I suspect that whoever first put a set of downtube shifters on a bike immediately knew that while it was superior to having the shifter on the seat stay, it was a design that was going to be improved upon. Not only did it require being seated to shift, it also required taking your hands off the bars. Shimano got close with the introduction of the STI shifter in the early bit of the 90’s, although the decision to allow the brake lever to pivot laterally was a fundamental flaw.
I remember the first time I saw a set of STI levers in person; I was at County Cycles and they had a complete set of Dura Ace 7400 in the box. It was a truly beautiful groupset, and the metal details on the shifters were as stunning in my hands as they were glinting sunlight off the Pros as they crossed countless finish lines with their arms aloft. The price point was well out of reach, and so I dove headlong into various experiments to find a way to get my shifters on the bars.
Bar-end shifters didn’t look cool so they were out, full stop. I first tried Grip Shift, which was a complete disaster, partly because they didn’t shift well, and partly because they required twisting the bars and invariably introduced a terrifying wobble toward either traffic or the ditch. The low point of my experimentation involved mountain bike thumb shifters mounted near the brake levers, but I couldn’t get them positioned in a way that I could reach them. Cue more wobbling into traffic. Finally I got a set of Suntour Command Shifters, which were basically double-ended thumb shifters that were mounted at the brake lever. These might have worked well, except I couldn’t afford a Suntour rear mech, and the Command Shifters couldn’t get along with my Shimano 105 drivetrain. I had no alternative but to set those shifters to friction, which meant even more wobbling about as I tried to coax it from one gear to the next. But being unsuccessful didn’t mean it wasn’t fun, and when Shimano finally released a 105 STI version – which I could afford – I was that much happier to finally realize my dream of having functional handle-bar mounted shifters.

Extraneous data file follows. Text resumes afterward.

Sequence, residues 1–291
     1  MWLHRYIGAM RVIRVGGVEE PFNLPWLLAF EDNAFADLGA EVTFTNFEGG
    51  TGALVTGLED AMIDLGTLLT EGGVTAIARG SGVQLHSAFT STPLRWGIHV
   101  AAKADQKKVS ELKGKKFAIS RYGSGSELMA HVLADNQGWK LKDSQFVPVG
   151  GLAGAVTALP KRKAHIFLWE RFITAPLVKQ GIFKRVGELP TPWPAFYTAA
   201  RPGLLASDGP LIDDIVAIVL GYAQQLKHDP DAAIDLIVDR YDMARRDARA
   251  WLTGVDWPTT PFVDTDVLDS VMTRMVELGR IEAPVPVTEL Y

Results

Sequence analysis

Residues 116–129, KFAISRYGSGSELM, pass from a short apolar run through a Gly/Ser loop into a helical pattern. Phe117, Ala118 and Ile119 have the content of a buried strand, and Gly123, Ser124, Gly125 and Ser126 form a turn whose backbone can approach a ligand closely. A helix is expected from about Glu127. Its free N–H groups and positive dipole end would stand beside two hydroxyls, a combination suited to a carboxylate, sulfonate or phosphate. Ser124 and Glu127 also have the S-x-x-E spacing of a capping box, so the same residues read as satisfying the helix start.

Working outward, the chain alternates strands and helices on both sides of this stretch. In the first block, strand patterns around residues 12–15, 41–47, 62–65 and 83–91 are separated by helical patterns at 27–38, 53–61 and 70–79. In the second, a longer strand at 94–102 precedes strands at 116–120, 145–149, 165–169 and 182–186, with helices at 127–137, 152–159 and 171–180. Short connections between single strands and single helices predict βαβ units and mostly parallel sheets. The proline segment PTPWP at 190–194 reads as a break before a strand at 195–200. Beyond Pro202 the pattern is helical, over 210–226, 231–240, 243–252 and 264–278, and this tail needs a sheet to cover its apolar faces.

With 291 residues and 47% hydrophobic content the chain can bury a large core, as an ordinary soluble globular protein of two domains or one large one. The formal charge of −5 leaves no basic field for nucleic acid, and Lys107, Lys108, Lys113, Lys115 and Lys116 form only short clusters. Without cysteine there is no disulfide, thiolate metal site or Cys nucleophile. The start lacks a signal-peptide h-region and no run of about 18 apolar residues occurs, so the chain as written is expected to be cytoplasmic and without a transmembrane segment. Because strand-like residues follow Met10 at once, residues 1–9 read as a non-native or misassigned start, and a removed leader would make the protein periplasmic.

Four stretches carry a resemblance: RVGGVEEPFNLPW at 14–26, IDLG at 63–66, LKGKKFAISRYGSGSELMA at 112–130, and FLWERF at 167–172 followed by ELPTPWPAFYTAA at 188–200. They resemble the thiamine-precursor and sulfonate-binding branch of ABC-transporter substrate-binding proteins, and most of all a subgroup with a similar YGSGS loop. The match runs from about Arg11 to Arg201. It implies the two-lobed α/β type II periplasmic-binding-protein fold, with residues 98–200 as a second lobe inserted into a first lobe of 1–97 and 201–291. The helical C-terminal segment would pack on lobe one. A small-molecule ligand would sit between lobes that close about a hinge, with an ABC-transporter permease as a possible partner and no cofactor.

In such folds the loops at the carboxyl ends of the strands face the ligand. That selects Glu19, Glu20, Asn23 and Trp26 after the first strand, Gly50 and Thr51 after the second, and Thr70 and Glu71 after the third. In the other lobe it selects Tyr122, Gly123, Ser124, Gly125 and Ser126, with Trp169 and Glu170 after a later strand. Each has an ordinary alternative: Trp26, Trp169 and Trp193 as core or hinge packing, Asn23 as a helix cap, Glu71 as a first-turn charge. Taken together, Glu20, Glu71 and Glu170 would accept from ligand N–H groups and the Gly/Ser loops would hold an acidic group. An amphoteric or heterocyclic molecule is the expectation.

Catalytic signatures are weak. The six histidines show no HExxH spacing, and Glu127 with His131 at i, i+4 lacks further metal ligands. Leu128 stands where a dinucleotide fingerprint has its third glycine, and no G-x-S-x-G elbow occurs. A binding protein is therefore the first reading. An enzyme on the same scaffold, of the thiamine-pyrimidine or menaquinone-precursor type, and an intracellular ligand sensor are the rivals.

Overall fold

I’ve never liked the lateral pivot off the STI system, though, and once I could afford to, I moved to Campa and their superior design of incorporating a Go Button along with a paddle shifter. Campagnolo, for all its beauty and functional flawlessness, does require some coddling. It doesn’t particularly like being dirty, and I find myself tweaking the cable tension a few times a week – just a fraction of a turn – to keep it perfect. Because a perfectly tuned Campa drive train runs more perfectly and more silently than anything else – and the Principle of Silence holds sway over all else.
When it came time to building up my Graveur, I never seriously considered Campa because doing that on a bike intended for taking regular mud baths demands something less finicky. And I really don’t want my brake lever wobbling about as I’m trying to control a bouncing, bobbing machine on a twisting gravel or single track descent. Shimano was out, which left me with the choice between Command Shifters and SRAM. SRAM it is, then.
It took me an age to get used to how to adjust it, and how to shift. It requires a lot less cable tension than Shimano or Campa, a trick that took me a while to discover. Upshifts are totally awesome – tap, tap, tap and the chain just drops down along the cassette irrespective of mud or sticks or whatever is in there. I found half a tree trunk in my cassette after my ride this morning, and it didn’t adversely affect the shifting. The front shifting is absolutely blazingly fast, once you get the thing adjusted correctly. And the hoods themselves are very comfortable, possibly even more so than my 10spd Ergos.
But to this day, I still have to think about downshifting (push, *click*, push a bit more, *click*). And Merckx forbid I try shifting more than one gear at a time – I’ll invariably lose track of my clicks and wind up air-shifting between cogs. That’s going to inspire some new curses in a race situation, so there’s that to look forward to.